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The Oracle: Wizard War Chronicles IV Mass Market Paperback – Jun 1989


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Fantasy - How one magically clever lady triumphed over wild men, wooly war... and tree wily wizards.

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Amazon.com: 2 reviews
4 of 4 people found the following review helpful
Detailed, harsh and very realistic 27 Aug. 1999
By A Customer - Published on Amazon.com
Format: Mass Market Paperback
First of all, especially if you live in the USA, this book is MUCH better than it looks. I have seen a US edition which depicts the heroine as a youthful and voluptuous girl in what appears to be chain mail underwear. The edition I own simply has a snowy landscape on the cover, the only figures visible being clad appropriately for the weather.
This book has LOTS in it. There is the clash and death of cultures (focused on more than the military aspect), lots of detail in the characters and societies, gritty and unheroic events and plot, and best of all, distinctly different and most unheroic (in the Hollywood or normal fantasy novel sense) characters.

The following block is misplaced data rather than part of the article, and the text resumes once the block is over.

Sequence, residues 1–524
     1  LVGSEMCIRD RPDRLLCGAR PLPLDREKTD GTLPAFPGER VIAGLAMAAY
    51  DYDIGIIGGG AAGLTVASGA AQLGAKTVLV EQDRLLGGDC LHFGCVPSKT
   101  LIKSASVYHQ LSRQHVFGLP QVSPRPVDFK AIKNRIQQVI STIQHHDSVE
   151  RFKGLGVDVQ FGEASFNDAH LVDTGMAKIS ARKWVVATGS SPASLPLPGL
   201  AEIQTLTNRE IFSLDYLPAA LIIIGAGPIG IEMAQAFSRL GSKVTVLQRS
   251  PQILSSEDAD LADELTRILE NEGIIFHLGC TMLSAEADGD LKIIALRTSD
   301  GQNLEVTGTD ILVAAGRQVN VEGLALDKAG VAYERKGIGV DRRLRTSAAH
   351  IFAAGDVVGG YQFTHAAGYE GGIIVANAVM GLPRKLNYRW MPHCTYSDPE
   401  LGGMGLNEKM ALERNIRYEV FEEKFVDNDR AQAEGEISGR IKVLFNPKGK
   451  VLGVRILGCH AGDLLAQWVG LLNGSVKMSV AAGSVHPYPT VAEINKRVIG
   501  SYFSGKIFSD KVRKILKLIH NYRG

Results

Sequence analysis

Yen Olass, the main female character, has had it tough. She most definately could not pass for the bikini babe on the US edition cover. She is stocky, middle aged, tough, and passes for a man for part of the novel. Her homeland has been destroyed, and she has been subjected to appalling treatment by the invading race.
Regret and ashes are a dominant theme.
There is lots more to say, but the book says it better. Read it, it really is good - fantasy, but without the dross you usually have to filter out. Hugh Cook's books showed what was wrong with some of my former favourite fantasy authors, and how much better the genre can be.
3 of 3 people found the following review helpful
Not as good as book ten but still excellent 25 Dec. 1999
By John Ryan - Published on Amazon.com
Format: Mass Market Paperback
This book (known in Europe as 'The Women and the Warlords') is Hugh Cook's darkest and least 'heroic' novel presumably because the protagonist is female. He may be the only fantasy author who has confronted the probable 'reality' of a woman's life in the traditional fantasy environment and the result is a book which may be too drepessing for some readers. Despite this, it is a humourous and entertaining read which, although it lacks the polish and sheer inventiveness of the later books, well repays the effort of reading. In short, Hugh Cook has written better, but not many other authors have.
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